For a smaller tax bill in 2021, consider municipal bonds


By Brian Erickson, Vice President, Fixed Income Research and Strategy

Key Points

  • Municipal bonds can provide tax-free income while preserving capital.
  • Changes in the tax law make municipal bonds more attractive to investors who were previously subject to the alternative minimum tax or deducted state income taxes.
  • Taxable municipal bonds can offer diversification for a bond portfolio.1

As tax time approaches, we know tax efficiency is top of mind for many investors with non-qualified (i.e., non-retirement) accounts. Paying taxes on capital gains or investment income can spark a search for tax-efficient investment options.

After funding your retirement accounts, you could consider tax-exempt municipal bonds for non-qualified accounts. They offer a tax-friendly solution if you’re in the middle to high marginal income tax brackets with non-qualified accounts.

Favorable tax treatment for municipal bonds

The interest paid on most municipal bonds is exempt from federal income tax, including the 3.8% net investment income tax (if applicable), and if you invest in a bond that a municipality within your state issues, it may be exempt from state income tax as well.

If your state has low tax rates or no income tax, a nationally diversified municipal bond allocation may be a good option for you. Interest on municipal bonds issued within your state of residence may be exempt from state income tax.  This tax treatment can offer a sizable advantage compared to taxable bonds, particularly for those in higher marginal income tax brackets or who are residents in states with high-income tax rates.

If your state income tax is high, you may consider municipal bonds from your home state for some of your municipal exposure, striking a balance between concentration risk with tax efficiency. In this way, the sensitivity to tax impacts can help lessen your tax bill every April. It’s a good idea to work with your Ameriprise advisor to determine the specific allocation based on your circumstances.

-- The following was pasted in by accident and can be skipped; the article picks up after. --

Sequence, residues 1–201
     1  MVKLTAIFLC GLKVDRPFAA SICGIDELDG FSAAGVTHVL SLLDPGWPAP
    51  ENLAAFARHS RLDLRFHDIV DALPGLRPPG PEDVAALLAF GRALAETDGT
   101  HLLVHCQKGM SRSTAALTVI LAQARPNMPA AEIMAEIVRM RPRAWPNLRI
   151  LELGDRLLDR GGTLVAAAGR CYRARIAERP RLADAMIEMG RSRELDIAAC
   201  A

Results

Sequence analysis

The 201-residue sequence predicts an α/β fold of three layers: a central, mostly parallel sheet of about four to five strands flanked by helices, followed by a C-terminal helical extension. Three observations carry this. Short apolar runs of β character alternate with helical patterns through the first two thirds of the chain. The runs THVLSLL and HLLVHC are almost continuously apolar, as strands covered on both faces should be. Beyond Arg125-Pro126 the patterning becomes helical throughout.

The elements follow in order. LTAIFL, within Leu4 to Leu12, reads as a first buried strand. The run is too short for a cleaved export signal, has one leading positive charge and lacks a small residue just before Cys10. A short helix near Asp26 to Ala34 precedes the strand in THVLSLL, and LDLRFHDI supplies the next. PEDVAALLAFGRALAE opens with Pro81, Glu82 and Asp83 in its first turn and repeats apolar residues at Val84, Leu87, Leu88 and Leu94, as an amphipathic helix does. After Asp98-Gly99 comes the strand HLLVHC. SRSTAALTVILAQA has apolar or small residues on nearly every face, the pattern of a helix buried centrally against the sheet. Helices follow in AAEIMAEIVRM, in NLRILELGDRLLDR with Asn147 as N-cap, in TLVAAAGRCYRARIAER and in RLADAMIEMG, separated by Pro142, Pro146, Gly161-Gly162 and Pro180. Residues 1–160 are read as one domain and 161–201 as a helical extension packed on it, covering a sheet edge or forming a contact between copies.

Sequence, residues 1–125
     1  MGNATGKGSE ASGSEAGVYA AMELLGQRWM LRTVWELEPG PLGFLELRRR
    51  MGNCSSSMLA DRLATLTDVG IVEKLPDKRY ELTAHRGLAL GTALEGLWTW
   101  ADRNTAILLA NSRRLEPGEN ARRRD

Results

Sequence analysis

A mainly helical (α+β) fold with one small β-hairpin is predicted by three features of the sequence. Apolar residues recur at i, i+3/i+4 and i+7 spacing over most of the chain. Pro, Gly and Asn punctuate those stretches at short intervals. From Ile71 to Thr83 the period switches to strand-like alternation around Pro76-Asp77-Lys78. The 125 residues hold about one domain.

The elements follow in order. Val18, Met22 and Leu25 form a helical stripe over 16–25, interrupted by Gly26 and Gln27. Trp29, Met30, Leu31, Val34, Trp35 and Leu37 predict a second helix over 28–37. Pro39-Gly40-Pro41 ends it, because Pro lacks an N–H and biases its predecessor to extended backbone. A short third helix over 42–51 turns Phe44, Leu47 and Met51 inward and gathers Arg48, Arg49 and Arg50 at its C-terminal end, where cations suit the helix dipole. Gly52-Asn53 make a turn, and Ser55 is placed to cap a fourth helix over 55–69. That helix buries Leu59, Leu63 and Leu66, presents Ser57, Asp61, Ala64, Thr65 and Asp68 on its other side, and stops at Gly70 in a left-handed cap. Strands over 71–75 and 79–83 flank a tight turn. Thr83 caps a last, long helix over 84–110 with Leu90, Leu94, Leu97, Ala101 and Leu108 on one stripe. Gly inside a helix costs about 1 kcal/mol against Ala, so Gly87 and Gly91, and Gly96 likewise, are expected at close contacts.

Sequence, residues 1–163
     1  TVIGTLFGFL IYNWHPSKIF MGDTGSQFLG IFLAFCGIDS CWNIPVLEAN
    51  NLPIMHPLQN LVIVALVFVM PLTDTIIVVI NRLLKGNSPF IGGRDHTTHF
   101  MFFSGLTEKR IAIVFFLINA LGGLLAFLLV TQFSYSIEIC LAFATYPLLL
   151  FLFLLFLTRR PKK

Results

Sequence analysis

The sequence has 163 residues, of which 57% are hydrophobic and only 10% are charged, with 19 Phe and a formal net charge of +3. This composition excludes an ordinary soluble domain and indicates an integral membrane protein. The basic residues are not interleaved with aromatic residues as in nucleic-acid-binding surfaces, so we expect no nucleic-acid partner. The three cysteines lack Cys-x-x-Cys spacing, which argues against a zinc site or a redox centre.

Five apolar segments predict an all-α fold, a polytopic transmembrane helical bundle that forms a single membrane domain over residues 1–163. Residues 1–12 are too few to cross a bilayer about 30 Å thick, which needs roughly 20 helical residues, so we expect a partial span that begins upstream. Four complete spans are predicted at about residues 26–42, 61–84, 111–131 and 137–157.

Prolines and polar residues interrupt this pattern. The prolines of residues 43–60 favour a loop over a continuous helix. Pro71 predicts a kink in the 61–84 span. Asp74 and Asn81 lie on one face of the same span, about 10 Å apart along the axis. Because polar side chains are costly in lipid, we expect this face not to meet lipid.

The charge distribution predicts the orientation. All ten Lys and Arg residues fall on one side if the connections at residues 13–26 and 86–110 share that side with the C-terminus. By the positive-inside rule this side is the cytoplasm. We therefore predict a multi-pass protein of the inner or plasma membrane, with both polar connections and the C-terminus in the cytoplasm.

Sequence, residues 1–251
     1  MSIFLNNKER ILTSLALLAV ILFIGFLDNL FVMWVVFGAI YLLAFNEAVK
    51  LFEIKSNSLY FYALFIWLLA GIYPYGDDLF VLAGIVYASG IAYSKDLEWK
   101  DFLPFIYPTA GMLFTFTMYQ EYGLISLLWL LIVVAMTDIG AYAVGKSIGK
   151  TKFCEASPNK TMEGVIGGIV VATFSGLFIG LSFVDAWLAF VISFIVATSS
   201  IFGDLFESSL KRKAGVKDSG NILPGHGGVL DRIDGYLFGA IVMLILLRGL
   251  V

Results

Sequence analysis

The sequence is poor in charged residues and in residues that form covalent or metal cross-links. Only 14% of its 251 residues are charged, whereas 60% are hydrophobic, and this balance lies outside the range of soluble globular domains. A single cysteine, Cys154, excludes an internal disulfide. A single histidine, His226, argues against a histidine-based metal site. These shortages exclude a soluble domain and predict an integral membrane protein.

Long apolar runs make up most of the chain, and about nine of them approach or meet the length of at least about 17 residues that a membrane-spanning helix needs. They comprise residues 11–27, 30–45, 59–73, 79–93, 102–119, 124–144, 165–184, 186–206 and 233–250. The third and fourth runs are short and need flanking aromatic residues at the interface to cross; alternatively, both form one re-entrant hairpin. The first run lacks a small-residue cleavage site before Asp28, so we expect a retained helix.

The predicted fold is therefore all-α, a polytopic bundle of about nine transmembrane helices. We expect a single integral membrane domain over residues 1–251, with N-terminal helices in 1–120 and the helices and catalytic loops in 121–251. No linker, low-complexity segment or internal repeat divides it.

Gains from sales or dispositions of municipal bonds are subject to both federal and state income taxes, but gains can be limited with a buy-and-hold investment strategy. 

High-quality municipal bonds can help preserve capital

The tax-advantaged status of municipal bonds can offer attractive after-tax income while preserving capital. According to Moody’s Investor Services, 92% of Moody’s rated municipals were A-rated or better at the end of 2018, occupying the middle to upper ratings of investment-grade bonds.2 This suggests the average municipal bond investment is backed by a strong capacity to repay obligations.

Types of municipal bonds:

  • City, county or state obligations: Full faith and credit (general obligation), limited obligation and appropriation-backed
  • Essential service providers: water, sewer and transportation systems
  • Public schools, colleges and hospitals


Tax reform and the municipal bond market

The Tax Cuts and Jobs Act of 2017 (TCJA) made several major tax code changes that impacted the municipal bond market. First, the TCJA limited the federal income tax deduction from state and local income taxes, which increased the federal tax burden on state-taxable investments for many taxpayers. The TCJA also increased the standard deduction, making it harder for middle-income taxpayers to deduct any state taxes as an itemized deduction. These changes made tax-exempt municipal bonds more attractive.

The TCJA also reduced the number of filers subject to alternative minimum tax (AMT) by 96% (according to Tax Policy Center estimates), opening for many more investors a segment of the municipal bond market that is subject to the AMT, private activity bonds. This segment represents just 5% of the outstanding municipal market, according to Bloomberg. It may offer relatively more income than similar non-AMT bonds and provide a source of diversification.3

Lastly, the TCJA eliminated the tax-exemption of certain new municipal issues (advanced refunding bonds), leading to a growing supply of taxable municipal bonds. Though taxable munis lack a tax benefit, they do offer diversification for high-quality government bond allocations in both qualified and non-qualified accounts.

Understand your situation

Municipal bonds can ease the squeeze of investment income taxes, while supporting communities. Consult your tax professional to determine your personal tax situation. Your Ameriprise advisor will provide you with personalized advice based on your goals and needs and will determine whether municipal bonds are appropriate for your long-term investment portfolio.